The State Bar of California has a bag of tools that personify well a proverbial carrot-and-stick approach.
On the one hand, many individuals who apply themselves diligently during an arduous period of study are rewarded with a coveted professional license to practice law in the state.
On the other hand, those found to be subsequently lacking in competence and/or good faith often get whacked by that above-cited stick.
That can mean many things. It might result in an oral reprimand. A sanctioned attorney can be fined. He or she might be ordered to complete further educational requirements. Client restitution is frequently mandated by bar officials. License suspension is also a common occurrence for lawyerly malfeasance or negligence.
There is this, too, an exaction intended as the ultimate punishment for attorney misconduct viewed as especially egregious: disbarment.
Given its severity, disbarment is a state bar enforcement tool that is selectively applied in only truly singular exceptions. It is a last-resort outcome for offenders not deemed to merit a second chance.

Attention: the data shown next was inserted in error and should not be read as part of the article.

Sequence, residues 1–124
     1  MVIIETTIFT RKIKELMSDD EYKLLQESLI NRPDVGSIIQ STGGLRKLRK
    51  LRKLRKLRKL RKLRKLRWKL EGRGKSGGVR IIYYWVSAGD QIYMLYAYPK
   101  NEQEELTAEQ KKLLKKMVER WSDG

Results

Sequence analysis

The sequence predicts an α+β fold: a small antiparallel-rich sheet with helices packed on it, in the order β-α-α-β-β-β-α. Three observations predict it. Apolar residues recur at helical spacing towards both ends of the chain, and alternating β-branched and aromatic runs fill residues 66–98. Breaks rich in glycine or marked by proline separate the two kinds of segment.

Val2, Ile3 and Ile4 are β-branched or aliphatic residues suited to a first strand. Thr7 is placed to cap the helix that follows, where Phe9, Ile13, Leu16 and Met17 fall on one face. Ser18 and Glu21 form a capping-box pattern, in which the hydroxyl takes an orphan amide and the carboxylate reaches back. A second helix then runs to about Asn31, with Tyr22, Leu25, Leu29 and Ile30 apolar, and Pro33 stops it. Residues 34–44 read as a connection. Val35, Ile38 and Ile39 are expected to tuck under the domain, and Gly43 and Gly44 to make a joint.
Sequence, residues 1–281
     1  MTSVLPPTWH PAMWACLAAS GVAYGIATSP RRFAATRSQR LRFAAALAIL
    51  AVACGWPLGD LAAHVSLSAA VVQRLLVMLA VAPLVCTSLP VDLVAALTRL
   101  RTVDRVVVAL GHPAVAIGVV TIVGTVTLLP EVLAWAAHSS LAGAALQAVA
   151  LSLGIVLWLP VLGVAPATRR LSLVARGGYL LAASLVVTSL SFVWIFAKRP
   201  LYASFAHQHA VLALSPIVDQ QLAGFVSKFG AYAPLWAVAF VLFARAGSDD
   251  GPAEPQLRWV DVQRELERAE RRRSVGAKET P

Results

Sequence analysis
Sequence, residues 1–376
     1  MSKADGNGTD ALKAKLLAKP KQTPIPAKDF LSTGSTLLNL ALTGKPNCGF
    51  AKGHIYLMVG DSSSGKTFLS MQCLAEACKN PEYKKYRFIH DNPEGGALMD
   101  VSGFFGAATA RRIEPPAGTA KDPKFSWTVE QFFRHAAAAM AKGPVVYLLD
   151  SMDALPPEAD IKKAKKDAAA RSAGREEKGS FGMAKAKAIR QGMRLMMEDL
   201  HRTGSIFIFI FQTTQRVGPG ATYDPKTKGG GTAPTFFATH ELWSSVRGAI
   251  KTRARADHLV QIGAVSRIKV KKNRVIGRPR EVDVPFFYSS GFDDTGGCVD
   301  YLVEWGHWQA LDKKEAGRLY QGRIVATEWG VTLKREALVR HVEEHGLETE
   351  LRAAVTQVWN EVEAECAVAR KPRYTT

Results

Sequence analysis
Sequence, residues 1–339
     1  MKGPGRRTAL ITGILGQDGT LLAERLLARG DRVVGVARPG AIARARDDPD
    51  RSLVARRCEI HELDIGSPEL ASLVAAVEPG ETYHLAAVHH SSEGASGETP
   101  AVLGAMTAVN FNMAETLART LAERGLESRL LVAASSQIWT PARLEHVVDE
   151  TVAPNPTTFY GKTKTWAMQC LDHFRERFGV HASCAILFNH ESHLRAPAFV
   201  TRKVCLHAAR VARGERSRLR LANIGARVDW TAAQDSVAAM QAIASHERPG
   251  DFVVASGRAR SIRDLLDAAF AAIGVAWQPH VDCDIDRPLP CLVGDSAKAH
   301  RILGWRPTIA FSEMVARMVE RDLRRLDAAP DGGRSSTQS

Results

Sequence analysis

It is certainly reasonable to assume that a disbarment edict seldom issues. In fact, though (and given California’s status as the state with the most practicing attorneys in the country), disbarment outcomes are announced with some frequency, taking effect in virtually every county across the state.
That is instantly revealed by a State Bar of California website page underscoring disbarments. It prominently notes that scores of California attorneys are disbarred, and for broad-based offenses. Those range widely from improper management of client funds, failure to obey court orders and making misleading statements to lack of client communication, failure to professionally act in a matter and committing various acts of “moral turpitude.”
California clients do not expect the legal professionals they rely upon to be infallible in every aspect. They do reasonably expect their attorneys to act with due competence and in good faith when representing them, though, which is an expectation that bar authorities solidly endorse.
Questions or concerns regarding an attorney’s conflict of interest, ethics violation, practice incompetence or a linked matter can be addressed to a proven pro-victims’ legal malpractice team.